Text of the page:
Reflections on a Vocational Happenstance
I feel rushed this morning, though I am not sure why. By any normal standard -- most notably my own former working-outside-the-home standard-- I have a light schedule today. The most important thing I need to do is move the car from one side of the street to the other to comply with the alternate side parking rule, which takes ten minutes twice. I plan to grocery shop and cook a meal, perhaps do a load of laundry. None of it a big deal, but still I feel rushed, as though the day will whiz by and I will have wasted it.
Perhaps I am anticipating next week, when I will take a solo driving trip to visit friends, feeling antsy in advance. Whatever its cause, this rushed feeling is not useful to me, not conducive to writing. So I think I will take this opportunity to introduce you to someone else's words instead.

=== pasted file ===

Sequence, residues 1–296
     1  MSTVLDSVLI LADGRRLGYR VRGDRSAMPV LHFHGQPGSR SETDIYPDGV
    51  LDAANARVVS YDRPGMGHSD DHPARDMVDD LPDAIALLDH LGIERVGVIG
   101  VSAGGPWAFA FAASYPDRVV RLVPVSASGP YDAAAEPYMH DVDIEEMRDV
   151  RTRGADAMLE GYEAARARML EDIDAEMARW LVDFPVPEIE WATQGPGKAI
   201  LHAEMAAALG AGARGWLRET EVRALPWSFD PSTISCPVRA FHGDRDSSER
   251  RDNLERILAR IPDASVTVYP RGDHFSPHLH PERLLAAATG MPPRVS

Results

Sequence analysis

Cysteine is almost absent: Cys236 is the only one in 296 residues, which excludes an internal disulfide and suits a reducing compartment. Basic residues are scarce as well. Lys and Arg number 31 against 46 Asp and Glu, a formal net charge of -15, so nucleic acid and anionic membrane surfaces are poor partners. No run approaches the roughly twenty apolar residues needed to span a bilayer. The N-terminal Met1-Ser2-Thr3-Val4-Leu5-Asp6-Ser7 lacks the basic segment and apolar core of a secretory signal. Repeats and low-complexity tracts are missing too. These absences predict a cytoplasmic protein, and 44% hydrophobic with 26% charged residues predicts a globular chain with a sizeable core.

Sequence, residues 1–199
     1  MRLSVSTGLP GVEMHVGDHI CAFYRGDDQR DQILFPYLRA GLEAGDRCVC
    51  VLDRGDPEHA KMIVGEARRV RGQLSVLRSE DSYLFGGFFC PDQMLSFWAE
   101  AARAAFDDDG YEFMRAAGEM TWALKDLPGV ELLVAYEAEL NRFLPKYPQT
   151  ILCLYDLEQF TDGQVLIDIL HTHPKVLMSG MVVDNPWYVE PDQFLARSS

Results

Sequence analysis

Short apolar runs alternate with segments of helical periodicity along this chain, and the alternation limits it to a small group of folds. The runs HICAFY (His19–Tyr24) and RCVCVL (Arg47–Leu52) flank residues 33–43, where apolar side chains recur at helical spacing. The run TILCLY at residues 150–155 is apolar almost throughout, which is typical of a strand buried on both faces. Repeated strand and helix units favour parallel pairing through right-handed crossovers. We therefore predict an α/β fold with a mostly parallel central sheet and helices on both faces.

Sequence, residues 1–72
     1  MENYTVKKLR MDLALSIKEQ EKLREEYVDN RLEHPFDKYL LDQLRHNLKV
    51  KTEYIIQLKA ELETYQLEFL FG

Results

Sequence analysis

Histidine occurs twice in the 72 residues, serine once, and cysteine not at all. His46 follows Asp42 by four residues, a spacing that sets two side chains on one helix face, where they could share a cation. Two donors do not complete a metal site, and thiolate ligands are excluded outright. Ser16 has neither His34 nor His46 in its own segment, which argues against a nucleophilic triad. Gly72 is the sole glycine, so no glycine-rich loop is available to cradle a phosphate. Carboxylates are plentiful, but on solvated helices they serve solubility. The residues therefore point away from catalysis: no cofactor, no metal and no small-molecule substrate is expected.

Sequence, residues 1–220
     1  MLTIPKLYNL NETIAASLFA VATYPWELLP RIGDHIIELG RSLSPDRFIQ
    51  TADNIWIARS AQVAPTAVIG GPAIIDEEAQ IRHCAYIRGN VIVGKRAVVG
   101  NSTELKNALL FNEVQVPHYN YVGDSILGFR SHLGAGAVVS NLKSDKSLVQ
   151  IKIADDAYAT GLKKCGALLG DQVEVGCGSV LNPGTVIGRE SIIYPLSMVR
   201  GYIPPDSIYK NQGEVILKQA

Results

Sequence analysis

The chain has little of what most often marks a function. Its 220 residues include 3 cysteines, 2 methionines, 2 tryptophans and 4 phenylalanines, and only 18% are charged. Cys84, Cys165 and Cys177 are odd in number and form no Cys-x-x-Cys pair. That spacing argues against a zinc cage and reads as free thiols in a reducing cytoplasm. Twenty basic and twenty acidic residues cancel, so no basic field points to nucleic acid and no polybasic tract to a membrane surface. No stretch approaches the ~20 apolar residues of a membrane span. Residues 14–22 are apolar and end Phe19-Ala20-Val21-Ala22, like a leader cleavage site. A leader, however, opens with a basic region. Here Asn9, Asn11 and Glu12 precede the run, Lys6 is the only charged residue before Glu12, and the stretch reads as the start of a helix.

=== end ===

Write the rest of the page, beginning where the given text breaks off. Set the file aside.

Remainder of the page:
Several winters ago, when I decided I wanted to become a better knitter, I read everything I could on the subject of "The Knitting Life". The most humorous of the beautiful writers I discovered is Stephanie Pearl-McPhee, whose writing handle makes me smile just to type it: "Yarn Harlot". Her voice reminds me a bit of Erma Bombeck, and if you don't know who she was, then hold on to your hat because between the two you're in for a lot of chuckling.
Here's a tidbit from Stephanie to whet your appetite:
“Some knitters say that they buy yarn with no project in mind and wait patiently for the yarn to "speak" to them. This reminds me of Michelangelo, who believed that every block of stone he carved had the statue waiting inside and that all he did was reveal it. I think I've had yarn speak to me during the knitting process, and I've definitely spoken to it. Perhaps I'm doing it wrong, or maybe my yarn and I aren't on such good terms, but it really seems to me that all I say is "please" and all it ever says is "no".” ― Stephanie Pearl-McPhee, At Knit's End: Meditations for Women Who Knit Too Much